Western Newfoundland


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The Great Northern Peninsula is the northernmost visible extension of the Appalachian Mountains. Its eastern side is rugged and sparsely populated. The Viking Trail—Route 430 and its side roads—snakes along its western coast through Gros Morne National Park, fjords, sand dunes, and communities that have relied on lobster fishing for generations. At the tip of the peninsula, the Vikings established the first European settlement in North America a thousand years ago, but for thousands of years before their arrival, the area was home to native peoples who hunted, fished, and gathered berries and herbs.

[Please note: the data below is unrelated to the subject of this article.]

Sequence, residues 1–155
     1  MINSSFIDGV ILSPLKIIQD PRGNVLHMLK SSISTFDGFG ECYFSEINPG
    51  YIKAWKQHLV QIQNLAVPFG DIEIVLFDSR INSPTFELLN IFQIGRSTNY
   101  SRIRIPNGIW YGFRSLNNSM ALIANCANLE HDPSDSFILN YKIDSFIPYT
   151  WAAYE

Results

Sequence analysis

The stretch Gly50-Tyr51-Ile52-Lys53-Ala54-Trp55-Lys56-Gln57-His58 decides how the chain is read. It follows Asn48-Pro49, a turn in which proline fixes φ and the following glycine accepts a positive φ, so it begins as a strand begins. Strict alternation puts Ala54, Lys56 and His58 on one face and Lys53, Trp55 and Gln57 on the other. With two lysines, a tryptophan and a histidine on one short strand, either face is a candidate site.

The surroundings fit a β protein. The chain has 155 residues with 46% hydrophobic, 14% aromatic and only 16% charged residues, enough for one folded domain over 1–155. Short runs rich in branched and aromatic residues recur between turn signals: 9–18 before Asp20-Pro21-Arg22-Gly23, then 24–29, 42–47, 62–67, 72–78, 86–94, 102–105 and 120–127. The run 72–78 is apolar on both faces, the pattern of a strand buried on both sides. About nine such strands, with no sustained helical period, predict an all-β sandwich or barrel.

Corner Brook boasts a fabulous natural setting on the Gulf of St. Lawrence, ringed by mountains, and with plenty of green spaces within its boundaries. It has good shopping and a lively arts scene, and the nearby Humber River is world renowned for its salmon fishing. To the south, the Port au Port Peninsula, west of Stephenville, shows the French influence in Newfoundland, distinct from the farming valleys of the southwest, which were settled by Scots. A ferry from Nova Scotia docks at Port aux Basques in the far southwest corner.

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